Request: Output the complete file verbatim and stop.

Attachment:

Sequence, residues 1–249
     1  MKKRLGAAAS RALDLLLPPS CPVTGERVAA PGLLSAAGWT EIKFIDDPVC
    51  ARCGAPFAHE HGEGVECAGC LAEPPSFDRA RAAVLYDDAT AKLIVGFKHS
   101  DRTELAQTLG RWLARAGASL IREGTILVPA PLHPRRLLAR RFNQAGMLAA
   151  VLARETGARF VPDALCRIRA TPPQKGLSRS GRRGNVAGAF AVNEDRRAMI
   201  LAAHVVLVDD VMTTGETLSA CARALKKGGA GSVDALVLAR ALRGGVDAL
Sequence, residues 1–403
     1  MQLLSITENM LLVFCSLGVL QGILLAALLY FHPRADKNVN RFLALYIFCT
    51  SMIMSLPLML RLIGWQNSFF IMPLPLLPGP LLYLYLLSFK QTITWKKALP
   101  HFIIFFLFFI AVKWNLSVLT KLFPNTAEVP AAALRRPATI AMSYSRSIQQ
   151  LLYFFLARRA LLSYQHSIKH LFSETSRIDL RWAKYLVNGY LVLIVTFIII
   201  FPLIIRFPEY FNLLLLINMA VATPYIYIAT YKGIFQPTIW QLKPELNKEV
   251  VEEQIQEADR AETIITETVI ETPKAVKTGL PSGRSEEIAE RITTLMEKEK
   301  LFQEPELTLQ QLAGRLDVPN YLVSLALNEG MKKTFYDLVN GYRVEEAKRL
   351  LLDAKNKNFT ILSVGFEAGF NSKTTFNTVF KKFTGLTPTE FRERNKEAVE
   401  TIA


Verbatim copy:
Sequence, residues 1–249
     1  MKKRLGAAAS RALDLLLPPS CPVTGERVAA PGLLSAAGWT EIKFIDDPVC
    51  ARCGAPFAHE HGEGVECAGC LAEPPSFDRA RAAVLYDDAT AKLIVGFKHS
   101  DRTELAQTLG RWLARAGASL IREGTILVPA PLHPRRLLAR RFNQAGMLAA
   151  VLARETGARF VPDALCRIRA TPPQKGLSRS GRRGNVAGAF AVNEDRRAMI
   201  LAAHVVLVDD VMTTGETLSA CARALKKGGA GSVDALVLAR ALRGGVDAL
Sequence, residues 1–403
     1  MQLLSITENM LLVFCSLGVL QGILLAALLY FHPRADKNVN RFLALYIFCT
    51  SMIMSLPLML RLIGWQNSFF IMPLPLLPGP LLYLYLLSFK QTITWKKALP
   101  HFIIFFLFFI AVKWNLSVLT KLFPNTAEVP AAALRRPATI AMSYSRSIQQ
   151  LLYFFLARRA LLSYQHSIKH LFSETSRIDL RWAKYLVNGY LVLIVTFIII
   201  FPLIIRFPEY FNLLLLINMA VATPYIYIAT YKGIFQPTIW QLKPELNKEV
   251  VEEQIQEADR AETIITETVI ETPKAVKTGL PSGRSEEIAE RITTLMEKEK
   301  LFQEPELTLQ QLAGRLDVPN YLVSLALNEG MKKTFYDLVN GYRVEEAKRL
   351  LLDAKNKNFT ILSVGFEAGF NSKTTFNTVF KKFTGLTPTE FRERNKEAVE
   401  TIA